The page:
WASHINGTON -- With questions emerging about the culture of their clubhouse, the Nationals made a strong and surprising statement Wednesday morning, when they designated reliever Shawn Kelley for assignment.
The move comes after Kelley slammed his glove to the ground and glared toward the dugout after giving up a home run in the ninth inning of Tuesday's 25-4 blowout win against the Mets, a move manager Dave Martinez called "disrespectful to the organization." General manager Mike Rizzo offered a forceful rebuke of Kelley's actions, calling it a "selfish act," which he interpreted as showing up Martinez, a first-year manager.
"I thought the act that he portrayed on the field last night was disrespectful to the name on the front of the jersey, the organization, specifically Davey Martinez," Rizzo said prior to Wednesday's game against the Mets. "You're either in or you're in the way. And I thought he was in the way."
The Kelley move comes as a surprise considering he had been a key part of the Nats' bullpen during the past three seasons. After struggling early, Kelley had been pitching well lately, with a 3.34 ERA, 32 strikeouts and five walks in 32 1/3 innings, and his name surfaced among trade rumors before Tuesday's non-waiver Trade Deadline. Still, one day after the team decided to keep him at the Deadline, Washington designated him for assignment.
In a phone interview with MLB.com on Wednesday afternoon, Kelley maintained that he did not have any issue pitching in Tuesday's game -- pointing to the fact that he has thrown in plenty of blowouts before this season -- and that he did not intend any disrespect toward Martinez by looking toward the dugout.
Kelley insisted his actions were born out of frustration with a disagreement with second-base umpire Tripp Gibson III, who warned him of a potential balk, and home-plate umpire Adrian Johnson, who warned him of a quick pitch, and the fact that Kelley surrendered a homer. Even though the Nats were up by a wide margin, Kelley says he needs to carry the same intensity on the mound in a blowout as he would in a 1-1 game.
"I was a little upset that no one came out to talk to the umps to defend me," Kelley said. "Because at the end of the day, I can't get thrown out right there because now somebody else has got to come in and pitch in a 25-1 game. So I feel like I'm kind of getting fed to the wolves out there in that game and kind of not getting any support from the dugout and that was the glare to the dugout.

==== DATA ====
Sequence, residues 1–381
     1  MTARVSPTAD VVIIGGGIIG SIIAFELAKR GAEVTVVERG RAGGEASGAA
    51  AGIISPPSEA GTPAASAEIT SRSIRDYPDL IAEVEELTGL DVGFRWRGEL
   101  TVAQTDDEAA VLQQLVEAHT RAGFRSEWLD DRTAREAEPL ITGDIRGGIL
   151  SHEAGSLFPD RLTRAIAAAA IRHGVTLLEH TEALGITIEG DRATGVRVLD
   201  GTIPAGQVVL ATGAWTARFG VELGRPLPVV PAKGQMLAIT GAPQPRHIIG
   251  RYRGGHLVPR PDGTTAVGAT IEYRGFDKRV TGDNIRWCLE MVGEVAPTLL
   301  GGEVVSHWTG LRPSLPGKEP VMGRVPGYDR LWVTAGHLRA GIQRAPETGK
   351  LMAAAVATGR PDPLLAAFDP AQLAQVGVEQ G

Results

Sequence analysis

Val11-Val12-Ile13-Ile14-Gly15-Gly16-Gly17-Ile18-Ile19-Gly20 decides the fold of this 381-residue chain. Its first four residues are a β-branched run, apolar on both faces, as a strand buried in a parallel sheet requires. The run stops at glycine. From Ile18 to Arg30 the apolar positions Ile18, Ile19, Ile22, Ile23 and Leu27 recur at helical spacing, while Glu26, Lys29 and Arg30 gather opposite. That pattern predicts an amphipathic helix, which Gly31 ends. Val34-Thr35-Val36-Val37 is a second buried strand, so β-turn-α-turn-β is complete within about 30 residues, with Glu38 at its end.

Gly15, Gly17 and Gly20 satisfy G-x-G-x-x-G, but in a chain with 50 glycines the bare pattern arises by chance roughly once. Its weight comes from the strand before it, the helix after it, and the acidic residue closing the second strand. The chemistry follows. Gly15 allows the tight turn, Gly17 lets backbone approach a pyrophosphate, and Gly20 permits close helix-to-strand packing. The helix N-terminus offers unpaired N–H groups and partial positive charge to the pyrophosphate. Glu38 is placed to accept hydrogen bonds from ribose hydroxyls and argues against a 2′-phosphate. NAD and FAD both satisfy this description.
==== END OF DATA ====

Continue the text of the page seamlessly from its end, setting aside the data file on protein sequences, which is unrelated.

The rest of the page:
"I hate the narrative being selfish or showing up the manager because I've spent 10 years in this league and the only thing I've really ever cared about when I leave this game, is people knowing that I cared and I was humble, selfless and I was a good person and good to everybody and treated everybody fairly. That's kind of what I'm about and who I am as a person. So it hurts a little bit today reading some of the taglines and some of the comments that are out there."
When a player's contract is designated for assignment -- often abbreviated "DFA" -- that player is immediately removed from his club's 40-man roster, and 25-man roster if he was on that as well. Within seven days of the transaction (it was previously 10 days), the player must either be traded, released or placed on irrevocable outright waivers.
The Nats promoted right-hander Jimmy Cordero -- who owns a 1.67 ERA in 38 games at Triple-A -- to fill the vacant spot on the roster.
"It stinks, it really does," Martinez said. "I've got a lot of respect for Shawn, I do. But that wasn't right. We just won a game, 25-4."
"If the situation occurs and I blow the game in a tight game and slam my glove, it's not a big deal," Kelley said. "We're athletes, we slam stuff all the time. Hitters slam stuff every inning. ... It's a little funny to me for people to think that slamming a glove is -- I won't be the last one to do it. I don't know if that's really warranting being released."
Rizzo insisted Wednesday's move was not meant as a message to the rest of the Nationals clubhouse; however, it was hard not to see it that way.
Earlier this week, an article by Yahoo Sports quoted an anonymous source calling the Nationals clubhouse a "mess." Then, the Nationals made the surprise move to trade right-hander Brandon Kintzler to the Cubs before Tuesday's Trade Deadline. While the team publicly explained the move as dealing from a position of depth and that clearing his roster spot in the relief corps would help create flexibility in the bullpen, Kintzler has also been, at times, critical and outspoken of Martinez's bullpen management, especially after he spent time on the disabled list earlier this season while on pace for a career high in appearances.
During a radio interview on 106.7 The Fan on Wednesday morning, Kintzler denied any knowledge of the Yahoo report, as he insisted he had never spoken to its author, Jeff Passan, in his life.
With the Nationals underachieving their grand expectations from the start of the season, in third place and with a .500 record entering Wednesday, questions have begun to swirl about Martinez and his hold on the veteran roster he inherited. The Nats have spent the past two days swatting down such questions or concerns about the culture of their clubhouse, which Adam Eaton called "absolutely false" and "a load of crap" and Martinez chalked up to frustration by competitive players with a desire to win.
Kelley's act of frustration was too far, however, because it could be seen as a slight toward their first-year manager, something Rizzo believed Kelley could not come back from.
"The culture here has been so good for so long," Rizzo said. "We've had so much success over the last seven years that we're not going to let anybody interfere with that success and the momentum that we hope to have going down the stretch. We're not going to let any one person derail what we're looking to do."